Following a blowout election loss to the Coalition Avenir Québec (CAQ) in a previously safe seat last week and with electoral uncertainty growing despite strong economic indicators ahead of next fall’s provincial election, Quebec Premier Phillippe Couillard undertook a large-scale shakeup of his cabinet yesterday. He promoted four members from the backbench, shuffled a number of senior ministers and created a new portfolio in the Minister responsible for Anglophone Affairs. He also grew the overall size of the Cabinet from 25 to 30. Despite the large number of moves taking place, a large portion of the front bench has remained intact as the Liberals prepare for the home stretch of their mandate.
A trio of first term MNAs received promotion to Cabinet in the shuffle. First-term Pontiac MNA Andre Fortin, in what was widely seen as the surprise of the shuffle, was named to the Transportation portfolio where he will be tasked with handling Uber’s response to the Provinces new regulations around ride-sharing. Fortin takes over from Laurent Lessard who remains as Agriculture Minister. Crémazie MNA Marie Monpetit was appointed the new Minister of Culture and Communications. Isabelle Melançon, a longtime party stalwart and former staffer prior to her election in last year’s Verdun by-election continues to see her star rise following appointment as the Minister of Environment. Stéphane Billette, the three-term MNA from Huntingdon, and former Chief Government Whip, has also been promoted becoming the new Minister of Small and Medium Businesses.
On the move
Swapping portfolios are two high-ranking Ministers in Pierre Arcand moving to Treasury Board while Pierre Moreau now takes the helm at Energy and Natural Resources. Moreau, who finished in second place behind Couillard during the 2013 Liberal leadership race, is seen as a capable pair of hands and previously served as Municipal Affairs Minister as well as a stint at Education before taking time away for most of 2016 due to illness. Sherbrooke MNA Luc Fortin is moving from Culture and Communications to the Families and Seniors portfolio.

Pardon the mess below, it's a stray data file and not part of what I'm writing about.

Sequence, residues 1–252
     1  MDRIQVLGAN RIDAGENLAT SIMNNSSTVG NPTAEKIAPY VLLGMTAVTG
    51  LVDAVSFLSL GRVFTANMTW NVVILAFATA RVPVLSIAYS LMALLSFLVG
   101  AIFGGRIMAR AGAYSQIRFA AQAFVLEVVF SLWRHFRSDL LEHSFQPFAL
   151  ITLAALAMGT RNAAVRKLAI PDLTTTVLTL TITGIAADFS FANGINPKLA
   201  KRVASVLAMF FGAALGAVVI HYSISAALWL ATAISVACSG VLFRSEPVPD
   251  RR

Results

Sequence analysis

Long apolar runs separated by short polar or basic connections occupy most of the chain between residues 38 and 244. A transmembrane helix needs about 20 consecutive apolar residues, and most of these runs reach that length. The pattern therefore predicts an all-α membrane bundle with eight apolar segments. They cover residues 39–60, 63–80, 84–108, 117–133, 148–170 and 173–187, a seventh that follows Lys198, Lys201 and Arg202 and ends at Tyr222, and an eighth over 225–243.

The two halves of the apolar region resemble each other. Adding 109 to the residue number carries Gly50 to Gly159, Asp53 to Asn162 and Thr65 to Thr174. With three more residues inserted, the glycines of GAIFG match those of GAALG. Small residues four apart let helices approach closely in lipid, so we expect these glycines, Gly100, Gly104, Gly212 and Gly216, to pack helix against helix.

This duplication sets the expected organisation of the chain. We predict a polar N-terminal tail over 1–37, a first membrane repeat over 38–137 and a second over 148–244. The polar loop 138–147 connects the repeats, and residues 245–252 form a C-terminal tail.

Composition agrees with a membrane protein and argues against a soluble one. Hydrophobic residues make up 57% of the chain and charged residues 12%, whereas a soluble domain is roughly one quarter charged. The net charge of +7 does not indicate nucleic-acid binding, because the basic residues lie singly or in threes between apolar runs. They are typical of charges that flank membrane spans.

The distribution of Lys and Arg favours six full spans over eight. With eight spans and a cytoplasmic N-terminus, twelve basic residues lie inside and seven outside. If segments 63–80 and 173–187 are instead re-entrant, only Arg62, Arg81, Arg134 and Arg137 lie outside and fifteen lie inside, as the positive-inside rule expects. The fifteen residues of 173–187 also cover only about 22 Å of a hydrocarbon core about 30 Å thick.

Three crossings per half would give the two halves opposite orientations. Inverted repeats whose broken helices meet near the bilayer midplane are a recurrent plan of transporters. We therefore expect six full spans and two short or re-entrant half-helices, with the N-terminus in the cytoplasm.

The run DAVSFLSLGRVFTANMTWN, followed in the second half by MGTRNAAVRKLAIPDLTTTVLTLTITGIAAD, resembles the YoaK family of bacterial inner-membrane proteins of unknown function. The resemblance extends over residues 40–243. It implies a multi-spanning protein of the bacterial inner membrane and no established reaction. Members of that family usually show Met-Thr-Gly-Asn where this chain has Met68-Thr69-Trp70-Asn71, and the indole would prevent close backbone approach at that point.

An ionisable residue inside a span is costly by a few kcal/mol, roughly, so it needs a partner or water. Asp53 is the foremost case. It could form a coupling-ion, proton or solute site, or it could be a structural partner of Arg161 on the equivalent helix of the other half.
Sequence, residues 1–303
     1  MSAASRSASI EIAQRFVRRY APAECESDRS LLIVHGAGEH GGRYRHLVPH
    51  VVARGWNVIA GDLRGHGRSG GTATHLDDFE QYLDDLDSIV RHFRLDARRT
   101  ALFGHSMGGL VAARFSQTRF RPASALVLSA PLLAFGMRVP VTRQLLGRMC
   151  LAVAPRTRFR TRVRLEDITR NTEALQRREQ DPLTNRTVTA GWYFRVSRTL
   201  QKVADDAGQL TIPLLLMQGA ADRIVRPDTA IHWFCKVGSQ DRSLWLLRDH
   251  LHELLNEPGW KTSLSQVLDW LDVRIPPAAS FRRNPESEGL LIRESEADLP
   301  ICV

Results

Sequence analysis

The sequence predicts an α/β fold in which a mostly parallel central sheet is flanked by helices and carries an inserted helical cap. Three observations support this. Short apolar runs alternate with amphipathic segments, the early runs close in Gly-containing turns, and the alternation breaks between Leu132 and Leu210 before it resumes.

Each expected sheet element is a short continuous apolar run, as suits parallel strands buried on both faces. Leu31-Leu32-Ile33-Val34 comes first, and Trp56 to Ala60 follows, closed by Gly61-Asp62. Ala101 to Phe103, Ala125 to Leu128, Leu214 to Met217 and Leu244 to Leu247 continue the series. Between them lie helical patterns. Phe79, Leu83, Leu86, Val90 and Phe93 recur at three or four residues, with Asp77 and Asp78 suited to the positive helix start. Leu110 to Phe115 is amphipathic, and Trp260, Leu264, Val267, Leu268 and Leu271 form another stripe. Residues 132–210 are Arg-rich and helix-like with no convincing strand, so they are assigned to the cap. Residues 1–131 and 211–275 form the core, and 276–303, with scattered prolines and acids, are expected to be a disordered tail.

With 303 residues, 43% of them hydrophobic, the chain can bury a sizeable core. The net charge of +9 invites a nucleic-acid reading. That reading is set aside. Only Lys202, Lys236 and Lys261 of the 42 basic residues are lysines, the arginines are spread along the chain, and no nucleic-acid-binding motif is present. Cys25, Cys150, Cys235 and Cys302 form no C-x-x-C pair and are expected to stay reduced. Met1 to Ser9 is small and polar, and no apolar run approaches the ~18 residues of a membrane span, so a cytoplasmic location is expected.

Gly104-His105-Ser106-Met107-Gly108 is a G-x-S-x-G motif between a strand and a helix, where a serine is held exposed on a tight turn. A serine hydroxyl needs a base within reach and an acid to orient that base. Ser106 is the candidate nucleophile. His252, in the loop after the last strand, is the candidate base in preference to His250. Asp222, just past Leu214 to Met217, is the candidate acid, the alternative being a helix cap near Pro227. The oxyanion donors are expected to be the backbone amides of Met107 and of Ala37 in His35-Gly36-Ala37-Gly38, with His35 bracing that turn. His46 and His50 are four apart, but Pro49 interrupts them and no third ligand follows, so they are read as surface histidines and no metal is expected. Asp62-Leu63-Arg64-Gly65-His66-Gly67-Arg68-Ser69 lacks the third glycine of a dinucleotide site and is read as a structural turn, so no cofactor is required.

Long-time Notre-Dame-de-Grâce MNA Kathleen Weil, previously the Province’s Immigration Minister, moves to the newly created secretariat for Anglo Affairs to address longstanding feelings of underrepresentation within Quebec’s English speaking minority, though the details on the Department’s creation and structure have yet to be fully mapped out. The move comes at a time when many in Quebec political and media circles have speculated that the Liberals longstanding stranglehold on Anglo support across the Province could be vulnerable to the CAQ. The Premier touched on the issue directly in his remarks at the National Assembly speaking to all Quebec Anglophones that "This is your home".
Weil is also taking on the responsibilities of the Minister for Access to Information and Democratic Reform from Rita de Santis who was the lone demotion of the shuffle. Ms. de Santis has stated her intention to remain as an MNA. David Heurtel moves from Environment to take Weil’s place at Immigration where he will now be tasked with overseeing the Department’s inquiry into systemic racism.
Despite the large number of moves made elsewhere on the roster, Premier Couillard has retained the core of his front bench keeping his most senior ministers in key portfolios during the home stretch, those include: Gaetan Barrett at Health, Carlos Leitão at Finance, Sebastian Proulx at Education, Stephanie Vallée at Justice, Martin Coiteux at Municipal Affairs and Jean-Marc Fournier remaining Government House Leader as well as Minister of Intergovernmental Affairs. Dominique Anglade remained in her portfolio as Minister of Economic Development, Innovation and Export Trade but was also newly named Deputy Premier.
Onward to 2018
Couillard spoke with confidence and campaign style rhetoric as he introduced what will likely be the final incarnation of his Government prior to the election, putting an emphasis on economic issues by stating "Our team took Quebec's economy from the dog house to the power house,". The Liberals will spend the next 11 months pushing that message against charges from the opposition parties that they are corrupt, out of touch and overwhelmed. The success of the newly minted cabinet will be largely determined by which message Quebecers buy at election time.